Global Tariff War
eBook - ePub

Global Tariff War

Economic, Political and Social Implications

Ramesh Chandra Das, Ramesh Chandra Das

Partager le livre
  1. 468 pages
  2. English
  3. ePUB (adapté aux mobiles)
  4. Disponible sur iOS et Android
eBook - ePub

Global Tariff War

Economic, Political and Social Implications

Ramesh Chandra Das, Ramesh Chandra Das

DĂ©tails du livre
Aperçu du livre
Table des matiĂšres

À propos de ce livre

Global Tariff War: Economic, Political and Social Implications traces the range of impacts that global tariff wars in international trade can have on the growth and expansion of national economies.
The Global economic and political status quo has faced turmoil after the US President's 2018 announcement on the imposition of import tariff steel and aluminium products. Taking as its core focus the trade war between the USA and China, this book focuses impact on the rest of the world's economies, and explores key areas including neo-protectionism, globalization and restricted trade, inflation volatility, FDI and tariff rates, and the environmental footprint of global trade tariffs.
Having previously played the role of campaigner in favour of free trade since the World War II, today's United States has projected itself towards greater protectionism and patriotism. Conclusions arise that tariff wars, as well as trade wars, are damaging for national and transnational economies, as well as other sectors, such as society and environment. Evidence presented in the work illustrates that developed countries are impacted more adversely in comparison to developing zones due to this type of tariff war.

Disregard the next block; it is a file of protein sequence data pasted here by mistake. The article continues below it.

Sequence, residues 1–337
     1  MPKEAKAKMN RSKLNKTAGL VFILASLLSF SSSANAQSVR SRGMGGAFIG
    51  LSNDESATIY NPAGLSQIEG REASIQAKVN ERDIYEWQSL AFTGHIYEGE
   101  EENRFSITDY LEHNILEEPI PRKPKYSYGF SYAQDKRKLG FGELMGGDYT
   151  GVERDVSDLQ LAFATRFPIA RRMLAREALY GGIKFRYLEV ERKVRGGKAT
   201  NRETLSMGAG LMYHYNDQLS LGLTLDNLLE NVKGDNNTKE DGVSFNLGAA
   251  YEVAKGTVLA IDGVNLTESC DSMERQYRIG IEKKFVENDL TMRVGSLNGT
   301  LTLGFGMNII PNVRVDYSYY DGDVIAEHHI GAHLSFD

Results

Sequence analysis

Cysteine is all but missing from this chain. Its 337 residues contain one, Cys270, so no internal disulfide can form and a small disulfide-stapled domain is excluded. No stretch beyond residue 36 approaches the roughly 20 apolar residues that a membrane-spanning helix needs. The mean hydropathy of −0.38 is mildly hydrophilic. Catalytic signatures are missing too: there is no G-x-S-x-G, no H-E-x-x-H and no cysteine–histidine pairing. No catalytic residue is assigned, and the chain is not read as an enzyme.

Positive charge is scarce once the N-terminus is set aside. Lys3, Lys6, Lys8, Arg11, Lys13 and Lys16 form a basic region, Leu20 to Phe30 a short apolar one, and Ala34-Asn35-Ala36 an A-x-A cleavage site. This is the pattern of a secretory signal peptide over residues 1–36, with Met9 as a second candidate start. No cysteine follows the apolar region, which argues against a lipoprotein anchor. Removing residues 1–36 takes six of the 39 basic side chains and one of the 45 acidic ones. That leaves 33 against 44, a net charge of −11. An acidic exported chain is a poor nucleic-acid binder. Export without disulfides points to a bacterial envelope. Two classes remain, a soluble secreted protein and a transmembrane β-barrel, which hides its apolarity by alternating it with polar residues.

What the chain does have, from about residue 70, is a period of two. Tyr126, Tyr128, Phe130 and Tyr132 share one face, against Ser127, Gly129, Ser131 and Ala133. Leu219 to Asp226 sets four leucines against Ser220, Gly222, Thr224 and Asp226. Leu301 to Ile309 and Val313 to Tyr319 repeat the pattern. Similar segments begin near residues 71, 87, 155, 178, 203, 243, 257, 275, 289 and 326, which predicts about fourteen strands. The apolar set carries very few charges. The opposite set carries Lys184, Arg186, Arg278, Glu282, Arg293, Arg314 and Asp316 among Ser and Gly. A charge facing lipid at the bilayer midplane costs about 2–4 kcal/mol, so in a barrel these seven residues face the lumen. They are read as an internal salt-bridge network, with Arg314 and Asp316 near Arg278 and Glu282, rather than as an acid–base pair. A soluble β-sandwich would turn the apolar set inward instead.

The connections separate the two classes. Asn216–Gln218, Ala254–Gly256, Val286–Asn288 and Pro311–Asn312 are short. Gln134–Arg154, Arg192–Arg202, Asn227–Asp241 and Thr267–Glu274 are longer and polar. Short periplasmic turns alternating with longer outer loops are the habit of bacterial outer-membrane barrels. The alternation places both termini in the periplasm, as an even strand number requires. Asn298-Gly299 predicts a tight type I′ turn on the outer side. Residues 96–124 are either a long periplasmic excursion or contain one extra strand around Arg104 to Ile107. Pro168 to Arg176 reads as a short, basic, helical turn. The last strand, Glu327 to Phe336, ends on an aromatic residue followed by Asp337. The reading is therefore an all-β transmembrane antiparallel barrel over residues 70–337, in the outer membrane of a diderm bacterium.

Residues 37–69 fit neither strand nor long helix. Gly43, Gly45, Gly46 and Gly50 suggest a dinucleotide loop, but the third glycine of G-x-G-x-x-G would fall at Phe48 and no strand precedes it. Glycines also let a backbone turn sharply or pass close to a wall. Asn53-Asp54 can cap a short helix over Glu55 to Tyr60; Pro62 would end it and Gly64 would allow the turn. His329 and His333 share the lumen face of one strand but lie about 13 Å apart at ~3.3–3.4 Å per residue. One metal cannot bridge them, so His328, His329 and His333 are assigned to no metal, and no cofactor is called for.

Offering a range of illuminating perspectives from under explored developing economies being directly affected by these policies, this collection presents a unique critical insight into this complex and evolving area of geo-political and economic practice.

Foire aux questions

Comment puis-je résilier mon abonnement ?
Il vous suffit de vous rendre dans la section compte dans paramĂštres et de cliquer sur « RĂ©silier l’abonnement ». C’est aussi simple que cela ! Une fois que vous aurez rĂ©siliĂ© votre abonnement, il restera actif pour le reste de la pĂ©riode pour laquelle vous avez payĂ©. DĂ©couvrez-en plus ici.
Puis-je / comment puis-je télécharger des livres ?